The vertebrae of the backbone are fused to the carapace, as are the shoulder blades, ribs and pelvis. The lungs are located below the carapace, in the upper third of the body cavity, and below are the other body organs. During breathing the lungs are inflated and deflated by movement of the limbs.
Tortoises, like most reptiles, are ectothermic and rely on an external heat source (eg the sun) to raise their body temperature sufficiently for them to be alert, feed and digest their food. They become less active in cold weather.
Testudo hermanni (Hermanns Tortoise) - Female
Testudo hermanni (Hermanns Tortoise) - Male
Testudo graeca (Spur-thighed Tortoise) - Female
Testudo graeca (Spur-thighed Tortoise) - Male
HUSBANDRY AND HOUSING
Tortoises like roaming about, so if possible make the garden completely escape proof. Walled gardens are ideal but if you have to pen your tortoise in, allow at least 10 square metres per tortoise and make sure that the animal can neither climb over nor burrow under the surround. Pens with solid walls should be at least 50cm high, buried to a depth of 10cm, with wooden stakes as support. Garden ponds should be adequately covered to prevent risk of drowning.
A well ventilated greenhouse with access to a lawn and a paved sunbathing area is ideal for tortoises, as in both spring and autumn the animals will be able to heat up sufficiently to feed well, thereby extending their summer and shortening their hibernation period. A lower pane of glass can be replaced with a panel of wood with an entrance hole or cat flap in it, thus ensuring that the tortoises can escape from overheating on the hottest summer days. It should be remembered that glass filters out all of the sun's ultra violet rays.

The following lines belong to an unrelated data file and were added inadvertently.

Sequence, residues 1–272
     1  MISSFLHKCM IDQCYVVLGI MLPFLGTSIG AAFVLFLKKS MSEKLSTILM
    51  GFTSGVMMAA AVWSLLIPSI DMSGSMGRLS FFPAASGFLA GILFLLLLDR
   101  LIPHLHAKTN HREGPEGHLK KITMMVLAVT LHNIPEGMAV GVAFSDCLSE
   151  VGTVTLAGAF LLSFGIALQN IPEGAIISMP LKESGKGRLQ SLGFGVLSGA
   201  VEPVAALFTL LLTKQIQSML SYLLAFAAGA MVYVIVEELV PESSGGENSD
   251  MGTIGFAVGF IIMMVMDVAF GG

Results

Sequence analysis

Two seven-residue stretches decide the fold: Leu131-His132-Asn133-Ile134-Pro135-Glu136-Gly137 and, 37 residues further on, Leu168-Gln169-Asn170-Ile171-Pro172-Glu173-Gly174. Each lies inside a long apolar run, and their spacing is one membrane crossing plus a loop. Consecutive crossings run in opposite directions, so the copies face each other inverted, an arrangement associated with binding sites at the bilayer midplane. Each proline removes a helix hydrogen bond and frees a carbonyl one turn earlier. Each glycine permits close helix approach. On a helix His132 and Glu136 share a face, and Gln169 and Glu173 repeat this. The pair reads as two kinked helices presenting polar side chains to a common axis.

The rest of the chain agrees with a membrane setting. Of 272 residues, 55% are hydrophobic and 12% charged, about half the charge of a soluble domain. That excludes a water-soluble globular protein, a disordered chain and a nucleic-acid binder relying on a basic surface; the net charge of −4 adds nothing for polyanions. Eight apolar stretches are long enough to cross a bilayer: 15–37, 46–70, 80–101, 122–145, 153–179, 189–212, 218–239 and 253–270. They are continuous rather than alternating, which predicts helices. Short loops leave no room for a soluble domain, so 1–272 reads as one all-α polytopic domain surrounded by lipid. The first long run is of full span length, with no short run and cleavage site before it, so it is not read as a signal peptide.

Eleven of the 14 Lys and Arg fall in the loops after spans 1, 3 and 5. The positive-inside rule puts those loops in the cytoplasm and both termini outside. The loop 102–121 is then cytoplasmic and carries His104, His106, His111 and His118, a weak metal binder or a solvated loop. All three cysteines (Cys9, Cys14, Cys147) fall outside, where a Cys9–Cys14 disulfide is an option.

Never attempt tethering a tortoise by string round the leg, which will cut off blood circulation and may result in gangrene, or by boring holes through the shell, which will cut through live tissue and cause pain or infection. Never attempt to oil your tortoise's shell.
A waterproof house in a sunny position is essential to protect the tortoise from extremes of cold, wet and heat. It can be of a wooden construction, preferably covered with roofing felt and be slightly raised to prevent the floor from becoming damp. It can be lined with thick newspaper or dried leaves. The house need not be very high as the tortoise will feel safer in an enclosed space.
All substrates used should be non abrasive, digestable, non toxic and easy to clean.
If you have several tortoises keep them in single species in groups of no more than five to reduce disease risk. It is advisable to separate the males and females as the males often engage in female shell butting and leg biting as part of their courtship. Females constantly exposed to this treatment, and unable to escape, will feed less, produce eggs less frequently and will eventually suffer from extensive shell and leg damage with an increased likelihood of infections.